would be more in accordance with the spirit of our republican institutions. I have always believed the people competent to govern themselves. The organic law creating the Territory of Iowa, has been so amended by Congress as to permit the qualified electors in that Territory to elect all their county officers, and no good reason can be assigned why Congress should not grant to the people of Wisconsin all the rights and privileges extended to the people of Iowa. At the late session of the Legislative Assem. bly, I deemed it an act of duty to submit the following communication on the subject of the Bank of Mineral Point: "It is submitted to your consideration whether it would not be advisable to appoint commissioners by law to examine the state and condition of the Bank of Mineral Point at such times as they may deem the interests of the people to require it, and to make their reports at the commencement of each session of the Legislative Assembly. If the Bank acts in conformity with the provisions of her charter, she will be interested in letting that fact be known to the public; And if she violates her provisions, the interests of the community require that legal steps should be taken to arrest a state of things so injurious to the best interests of the peo ple." My views as submitted on the occasion referred to are not changed. The 21st section of the act to incorporate the stockholders of the Bank of Mineral Point reads as follows: "Be it enacted that if the Legislative Assembly of this Territo. ry or the Legislative authorities which may hereafter exist in any State to be erected in this Territory in which said Bank may be located, shall deem it fit and expedient for the better regu lating of a banking operation to require the deposites in a gen. eral safety fund, from this and other banks, hereafter to be enacted with the view to the adoption of a general system in said Territory similar to that now in operation in the State of New York, and known as the Safety Fund System, that then and in that case the charter shall be subject so far to be amended, as to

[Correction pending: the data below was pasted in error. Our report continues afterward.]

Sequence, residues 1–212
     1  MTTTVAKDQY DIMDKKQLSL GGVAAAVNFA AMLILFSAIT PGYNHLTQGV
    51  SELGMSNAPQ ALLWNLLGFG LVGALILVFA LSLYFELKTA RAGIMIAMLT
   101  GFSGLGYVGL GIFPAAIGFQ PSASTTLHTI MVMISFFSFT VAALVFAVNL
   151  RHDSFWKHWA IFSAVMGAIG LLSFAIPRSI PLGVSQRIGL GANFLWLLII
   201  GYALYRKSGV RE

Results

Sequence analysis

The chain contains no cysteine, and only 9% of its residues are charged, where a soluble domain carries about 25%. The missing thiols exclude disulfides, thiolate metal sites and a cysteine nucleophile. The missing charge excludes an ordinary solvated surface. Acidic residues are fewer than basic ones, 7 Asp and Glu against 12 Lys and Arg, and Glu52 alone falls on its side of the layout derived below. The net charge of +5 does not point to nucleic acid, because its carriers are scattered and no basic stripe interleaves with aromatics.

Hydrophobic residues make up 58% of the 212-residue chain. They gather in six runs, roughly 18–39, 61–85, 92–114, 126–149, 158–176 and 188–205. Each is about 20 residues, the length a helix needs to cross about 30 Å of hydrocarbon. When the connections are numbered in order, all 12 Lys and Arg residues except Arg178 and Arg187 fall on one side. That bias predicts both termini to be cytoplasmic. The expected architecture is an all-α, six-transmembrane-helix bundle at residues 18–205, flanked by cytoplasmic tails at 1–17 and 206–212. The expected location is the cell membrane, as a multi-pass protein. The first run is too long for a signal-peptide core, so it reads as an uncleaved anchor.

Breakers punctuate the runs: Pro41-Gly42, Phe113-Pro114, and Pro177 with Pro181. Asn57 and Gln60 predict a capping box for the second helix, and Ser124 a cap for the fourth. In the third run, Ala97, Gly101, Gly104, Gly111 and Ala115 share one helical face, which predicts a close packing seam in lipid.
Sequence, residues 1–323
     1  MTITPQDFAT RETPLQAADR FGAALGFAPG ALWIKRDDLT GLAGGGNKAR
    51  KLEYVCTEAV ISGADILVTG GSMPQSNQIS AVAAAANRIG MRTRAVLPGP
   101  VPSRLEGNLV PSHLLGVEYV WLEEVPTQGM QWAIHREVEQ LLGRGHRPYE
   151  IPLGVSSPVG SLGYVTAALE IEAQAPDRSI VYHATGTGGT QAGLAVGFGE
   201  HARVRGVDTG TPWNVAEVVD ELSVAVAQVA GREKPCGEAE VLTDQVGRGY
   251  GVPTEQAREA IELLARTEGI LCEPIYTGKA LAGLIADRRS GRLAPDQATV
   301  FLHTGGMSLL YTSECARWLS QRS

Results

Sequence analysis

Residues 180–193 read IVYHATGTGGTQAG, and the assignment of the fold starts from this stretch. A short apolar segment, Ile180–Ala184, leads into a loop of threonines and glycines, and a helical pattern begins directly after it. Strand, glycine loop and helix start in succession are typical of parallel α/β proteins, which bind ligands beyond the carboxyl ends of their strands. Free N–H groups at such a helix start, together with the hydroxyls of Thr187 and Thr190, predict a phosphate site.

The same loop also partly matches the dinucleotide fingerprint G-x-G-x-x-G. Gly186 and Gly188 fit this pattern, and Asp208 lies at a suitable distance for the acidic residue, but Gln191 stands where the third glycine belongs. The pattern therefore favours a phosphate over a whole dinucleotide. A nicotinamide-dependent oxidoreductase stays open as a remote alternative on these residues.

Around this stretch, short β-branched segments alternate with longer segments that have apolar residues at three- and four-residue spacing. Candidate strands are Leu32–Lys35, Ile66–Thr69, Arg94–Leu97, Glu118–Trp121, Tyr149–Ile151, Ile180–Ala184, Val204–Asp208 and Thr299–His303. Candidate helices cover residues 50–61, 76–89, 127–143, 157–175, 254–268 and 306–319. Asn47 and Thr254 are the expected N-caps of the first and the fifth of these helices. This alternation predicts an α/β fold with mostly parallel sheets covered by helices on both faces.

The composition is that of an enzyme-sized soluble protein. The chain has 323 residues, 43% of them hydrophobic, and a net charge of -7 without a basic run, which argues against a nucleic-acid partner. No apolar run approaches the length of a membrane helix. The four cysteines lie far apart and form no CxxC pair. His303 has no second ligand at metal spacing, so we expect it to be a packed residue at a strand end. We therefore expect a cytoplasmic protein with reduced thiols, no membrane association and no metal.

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make it conform to such a safety fund system and no further."

The New York safety fund system consists of two parts; one is to set apart a certain portion of its profits for the redemption of its bills, and this is called the fund: the other part is that which provides for the appointment of bank commissioners. From the wording of the section of the law referred to, it would clear. ly warrant the action of the Legislative Assembly on this subject.